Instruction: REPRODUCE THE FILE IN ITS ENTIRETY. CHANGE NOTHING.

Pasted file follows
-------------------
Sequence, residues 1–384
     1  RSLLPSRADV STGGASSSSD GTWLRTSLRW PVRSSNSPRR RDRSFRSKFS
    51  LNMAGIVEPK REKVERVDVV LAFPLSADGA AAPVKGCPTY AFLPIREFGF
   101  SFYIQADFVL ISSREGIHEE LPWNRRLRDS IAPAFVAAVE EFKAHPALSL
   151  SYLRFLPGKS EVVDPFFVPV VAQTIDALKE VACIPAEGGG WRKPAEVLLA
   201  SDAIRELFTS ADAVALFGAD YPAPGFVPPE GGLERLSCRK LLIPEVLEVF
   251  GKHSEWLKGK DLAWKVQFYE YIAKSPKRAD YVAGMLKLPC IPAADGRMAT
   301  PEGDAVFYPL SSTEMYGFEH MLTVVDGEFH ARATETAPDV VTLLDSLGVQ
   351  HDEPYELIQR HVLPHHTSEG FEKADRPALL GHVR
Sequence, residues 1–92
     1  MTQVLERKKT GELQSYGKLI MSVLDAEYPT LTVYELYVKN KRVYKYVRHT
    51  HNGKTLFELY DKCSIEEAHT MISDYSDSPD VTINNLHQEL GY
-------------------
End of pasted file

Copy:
Sequence, residues 1–384
     1  RSLLPSRADV STGGASSSSD GTWLRTSLRW PVRSSNSPRR RDRSFRSKFS
    51  LNMAGIVEPK REKVERVDVV LAFPLSADGA AAPVKGCPTY AFLPIREFGF
   101  SFYIQADFVL ISSREGIHEE LPWNRRLRDS IAPAFVAAVE EFKAHPALSL
   151  SYLRFLPGKS EVVDPFFVPV VAQTIDALKE VACIPAEGGG WRKPAEVLLA
   201  SDAIRELFTS ADAVALFGAD YPAPGFVPPE GGLERLSCRK LLIPEVLEVF
   251  GKHSEWLKGK DLAWKVQFYE YIAKSPKRAD YVAGMLKLPC IPAADGRMAT
   301  PEGDAVFYPL SSTEMYGFEH MLTVVDGEFH ARATETAPDV VTLLDSLGVQ
   351  HDEPYELIQR HVLPHHTSEG FEKADRPALL GHVR
Sequence, residues 1–92
     1  MTQVLERKKT GELQSYGKLI MSVLDAEYPT LTVYELYVKN KRVYKYVRHT
    51  HNGKTLFELY DKCSIEEAHT MISDYSDSPD VTINNLHQEL GY